How does the society work?
The organization claims to be a nonpartisan "society of ideas," but that it shares objectives with the Republican Party is undeniable. It receives millions of dollars from conservative and libertarian megadonors such as the Mercer family and the Koch brothers; the society reported $28 million in assets in 2017. To help seed the system with conservatives, judges who belong to the Federalist Society give prestigious clerkships to fellow members, who then have a better shot at one day becoming judges themselves. "You have to have that army before you can credential them," said Curt Levey, whose Committee for Justice is closely allied with the Federalist Society.

Is Trump on board?
More than any president before him. Back in early 2016, then-candidate Trump was still struggling to convince Republican voters that he would nominate a conservative thoroughbred to replace Scalia, who had just died. His top campaign lawyer and eventual White House counsel, Donald McGahn, asked Leonard Leo, executive vice president of the Federalist Society, for suggestions; all but one of the names on Trump's list of 25 candidates were society members, including Gorsuch and Kavanaugh. Trump's decision to release that list won over social conservatives, said Republican strategist Scott Reed. "It was a brilliant strategy," he says, "and it worked."

Are the Federalists winning?
During the Obama years, conservatives lost major battles on gay marriage and the Affordable Care Act, but if Kennedy is replaced by Kavanaugh or another justice with Federalist views, the court will move significantly to the right for years to come. Trump also inherited more than 100 openings in the federal judiciary, mainly because the Republican-controlled Senate systematically blocked President Obama's appointments. Trump's tenure in office, Leo said, presents "an opportunity for transformation of the federal bench."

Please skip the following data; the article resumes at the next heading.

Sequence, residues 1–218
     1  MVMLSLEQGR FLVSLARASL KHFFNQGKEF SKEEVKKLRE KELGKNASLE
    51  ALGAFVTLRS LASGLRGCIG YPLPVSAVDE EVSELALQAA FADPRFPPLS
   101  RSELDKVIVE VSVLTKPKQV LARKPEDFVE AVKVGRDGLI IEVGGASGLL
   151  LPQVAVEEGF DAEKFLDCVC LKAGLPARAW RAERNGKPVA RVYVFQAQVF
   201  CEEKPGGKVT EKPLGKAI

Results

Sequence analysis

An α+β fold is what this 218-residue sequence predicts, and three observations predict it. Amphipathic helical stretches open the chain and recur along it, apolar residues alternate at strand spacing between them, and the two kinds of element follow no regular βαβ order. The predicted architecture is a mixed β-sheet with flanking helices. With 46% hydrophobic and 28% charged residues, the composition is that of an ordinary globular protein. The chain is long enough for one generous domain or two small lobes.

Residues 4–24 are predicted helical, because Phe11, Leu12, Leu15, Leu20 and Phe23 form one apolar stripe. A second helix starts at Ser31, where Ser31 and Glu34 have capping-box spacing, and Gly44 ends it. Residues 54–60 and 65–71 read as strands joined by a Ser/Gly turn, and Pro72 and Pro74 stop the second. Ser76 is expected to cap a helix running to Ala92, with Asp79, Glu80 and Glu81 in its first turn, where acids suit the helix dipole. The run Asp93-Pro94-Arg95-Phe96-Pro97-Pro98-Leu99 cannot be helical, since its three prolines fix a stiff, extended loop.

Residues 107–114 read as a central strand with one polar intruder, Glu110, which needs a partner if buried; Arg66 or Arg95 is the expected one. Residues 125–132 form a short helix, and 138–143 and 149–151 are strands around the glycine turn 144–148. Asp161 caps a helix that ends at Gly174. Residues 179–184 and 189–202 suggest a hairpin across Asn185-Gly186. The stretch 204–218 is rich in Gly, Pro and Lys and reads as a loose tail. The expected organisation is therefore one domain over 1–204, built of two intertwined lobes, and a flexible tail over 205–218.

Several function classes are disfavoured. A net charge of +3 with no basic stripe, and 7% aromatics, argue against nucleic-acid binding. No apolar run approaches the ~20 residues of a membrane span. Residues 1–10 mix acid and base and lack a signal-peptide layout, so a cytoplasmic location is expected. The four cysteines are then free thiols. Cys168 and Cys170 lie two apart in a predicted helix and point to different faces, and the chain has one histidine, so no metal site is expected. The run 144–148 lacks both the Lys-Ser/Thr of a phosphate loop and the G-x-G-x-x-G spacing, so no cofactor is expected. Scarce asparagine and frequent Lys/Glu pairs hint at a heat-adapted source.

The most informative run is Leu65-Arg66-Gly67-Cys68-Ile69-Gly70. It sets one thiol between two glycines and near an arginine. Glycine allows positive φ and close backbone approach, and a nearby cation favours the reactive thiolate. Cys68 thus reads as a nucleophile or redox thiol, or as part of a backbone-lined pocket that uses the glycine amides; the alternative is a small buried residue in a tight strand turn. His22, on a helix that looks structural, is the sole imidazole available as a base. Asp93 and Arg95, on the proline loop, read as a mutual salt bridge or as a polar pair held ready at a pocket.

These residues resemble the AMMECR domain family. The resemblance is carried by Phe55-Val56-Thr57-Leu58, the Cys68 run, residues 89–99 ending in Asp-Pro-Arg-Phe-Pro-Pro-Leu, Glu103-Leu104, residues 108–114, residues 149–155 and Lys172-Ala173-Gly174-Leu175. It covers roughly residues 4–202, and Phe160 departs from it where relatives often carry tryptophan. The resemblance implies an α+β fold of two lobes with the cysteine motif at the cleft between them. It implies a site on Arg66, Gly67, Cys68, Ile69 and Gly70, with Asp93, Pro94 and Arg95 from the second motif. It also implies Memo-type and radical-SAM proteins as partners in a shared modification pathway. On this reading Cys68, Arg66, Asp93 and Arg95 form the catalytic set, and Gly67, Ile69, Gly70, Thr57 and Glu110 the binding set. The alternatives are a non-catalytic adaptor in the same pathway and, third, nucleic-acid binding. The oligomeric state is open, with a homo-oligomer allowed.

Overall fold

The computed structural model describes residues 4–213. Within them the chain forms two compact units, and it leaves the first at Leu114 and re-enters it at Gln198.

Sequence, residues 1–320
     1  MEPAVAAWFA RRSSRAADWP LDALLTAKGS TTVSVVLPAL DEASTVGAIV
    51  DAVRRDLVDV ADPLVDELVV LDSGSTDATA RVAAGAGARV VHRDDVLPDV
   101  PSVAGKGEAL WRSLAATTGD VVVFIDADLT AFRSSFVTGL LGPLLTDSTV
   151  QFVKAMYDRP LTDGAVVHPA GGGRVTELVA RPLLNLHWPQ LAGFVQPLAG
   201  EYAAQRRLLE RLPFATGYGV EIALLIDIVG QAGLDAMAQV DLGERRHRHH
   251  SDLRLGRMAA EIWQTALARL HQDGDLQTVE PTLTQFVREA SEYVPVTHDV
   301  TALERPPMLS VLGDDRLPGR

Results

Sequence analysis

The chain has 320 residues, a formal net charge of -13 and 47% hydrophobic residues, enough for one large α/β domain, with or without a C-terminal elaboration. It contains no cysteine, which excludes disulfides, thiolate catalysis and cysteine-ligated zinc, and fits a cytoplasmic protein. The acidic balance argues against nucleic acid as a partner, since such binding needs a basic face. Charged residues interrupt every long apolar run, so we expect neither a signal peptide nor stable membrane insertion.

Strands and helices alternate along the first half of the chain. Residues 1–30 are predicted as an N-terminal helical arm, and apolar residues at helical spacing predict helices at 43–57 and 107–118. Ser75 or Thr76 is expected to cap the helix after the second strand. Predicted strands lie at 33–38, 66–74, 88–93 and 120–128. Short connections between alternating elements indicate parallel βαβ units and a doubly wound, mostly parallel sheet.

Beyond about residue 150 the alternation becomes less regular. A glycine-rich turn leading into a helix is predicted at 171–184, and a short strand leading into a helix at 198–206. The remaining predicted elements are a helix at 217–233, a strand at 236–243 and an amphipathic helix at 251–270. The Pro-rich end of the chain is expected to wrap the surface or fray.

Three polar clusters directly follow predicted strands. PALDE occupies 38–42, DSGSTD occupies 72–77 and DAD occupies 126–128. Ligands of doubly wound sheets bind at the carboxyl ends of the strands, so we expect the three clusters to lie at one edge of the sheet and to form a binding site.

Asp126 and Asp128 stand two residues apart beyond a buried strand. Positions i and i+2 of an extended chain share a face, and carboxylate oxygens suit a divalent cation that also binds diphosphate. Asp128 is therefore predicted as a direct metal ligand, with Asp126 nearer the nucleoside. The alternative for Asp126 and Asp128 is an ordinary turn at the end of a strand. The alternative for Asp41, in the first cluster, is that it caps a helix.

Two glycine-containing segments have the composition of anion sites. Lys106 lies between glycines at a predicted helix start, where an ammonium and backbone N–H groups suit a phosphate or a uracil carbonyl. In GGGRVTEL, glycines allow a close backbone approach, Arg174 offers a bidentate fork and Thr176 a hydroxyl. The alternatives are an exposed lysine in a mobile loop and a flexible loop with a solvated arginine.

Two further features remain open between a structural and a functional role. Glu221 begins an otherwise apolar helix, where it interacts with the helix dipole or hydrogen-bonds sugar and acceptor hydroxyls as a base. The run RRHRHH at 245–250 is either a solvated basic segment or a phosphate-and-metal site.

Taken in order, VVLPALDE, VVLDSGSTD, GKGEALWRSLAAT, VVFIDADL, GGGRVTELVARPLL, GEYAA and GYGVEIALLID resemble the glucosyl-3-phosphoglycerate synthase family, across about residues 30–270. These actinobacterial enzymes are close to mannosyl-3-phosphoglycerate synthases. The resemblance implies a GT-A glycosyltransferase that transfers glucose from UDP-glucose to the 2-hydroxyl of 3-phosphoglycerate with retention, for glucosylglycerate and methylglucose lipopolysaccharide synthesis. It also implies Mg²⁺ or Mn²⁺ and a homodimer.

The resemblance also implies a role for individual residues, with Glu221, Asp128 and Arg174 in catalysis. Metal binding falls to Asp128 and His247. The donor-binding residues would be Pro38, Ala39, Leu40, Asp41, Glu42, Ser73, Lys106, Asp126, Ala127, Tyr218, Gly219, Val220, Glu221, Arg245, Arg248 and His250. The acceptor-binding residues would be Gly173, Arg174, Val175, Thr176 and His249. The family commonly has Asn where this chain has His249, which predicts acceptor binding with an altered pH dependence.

The limits of originalism
Originalism is based on the premise that judges can and should overcome personal biases and reach "neutral" conclusions about what the Constitution and the laws say. Like the related legal philosophy called textualism, originalism instructs judges to discern the meaning of laws as they were written, rather than considering their broader purpose or real-world consequences. But when law professor Geoffrey Stone once polled colleagues to identify the 20 most significant Supreme Court cases between 2000 and 2013, he found that in every case, Justice Antonin Scalia took the conservative side. Invariably, Scalia voted in favor of corporations, the National Rifle Association, the teachings of his own Roman Catholic faith on abortion and homosexuality, and, in the 2000 Bush v. Gore decision, a Republican presidential candidate. Liberal scholars argue that originalism is just a front for conservative views, and that it's not possible to discern without any personal bias the intended meaning and application of such ambiguous terms as "equal protection," "unreasonable," "probable cause," "due process," and "well-regulated militia." To insist that only originalists properly interpret what the Founders intended, the liberal justice William Brennan said in 1985, is "arrogance cloaked as humility."